AIDS stands for Acquired Immunodeficiency Syndrome.
Acquired – means that the disease is not hereditary but develops after birth from contact with a disease-causing agent (in this case, HIV).
Immunodeficiency – means that the disease is characterized by a weakening of the immune system.
Syndrome – refers to a group of symptoms that indicate or characterize a disease. In the case of AIDS, this can include the development of certain infections and/or cancers, as well as a decrease in the number of certain specific blood cells, called CD4+ T cells, which are crucial to helping the body fight disease.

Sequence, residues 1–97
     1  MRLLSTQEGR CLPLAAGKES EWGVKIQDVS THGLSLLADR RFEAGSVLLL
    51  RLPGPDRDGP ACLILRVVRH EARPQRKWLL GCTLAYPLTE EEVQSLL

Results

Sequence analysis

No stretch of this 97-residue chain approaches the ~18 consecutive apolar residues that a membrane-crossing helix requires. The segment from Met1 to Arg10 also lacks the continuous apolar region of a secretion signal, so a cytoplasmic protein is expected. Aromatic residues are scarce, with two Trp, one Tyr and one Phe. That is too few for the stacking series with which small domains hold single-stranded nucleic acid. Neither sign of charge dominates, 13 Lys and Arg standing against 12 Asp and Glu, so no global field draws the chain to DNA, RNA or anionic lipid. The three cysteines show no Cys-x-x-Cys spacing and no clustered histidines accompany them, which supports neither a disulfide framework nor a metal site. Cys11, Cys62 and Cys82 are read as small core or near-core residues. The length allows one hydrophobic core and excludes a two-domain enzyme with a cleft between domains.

Before the development of certain medications, people with HIV could progress to AIDS in just a few years. Currently, people can live much longer - even decades - with HIV before they develop AIDS. This is because of “highly active” combinations of medications that were introduced in the mid 1990s.
A diagnosis of AIDS is made by a physician using specific clinical or laboratory standards.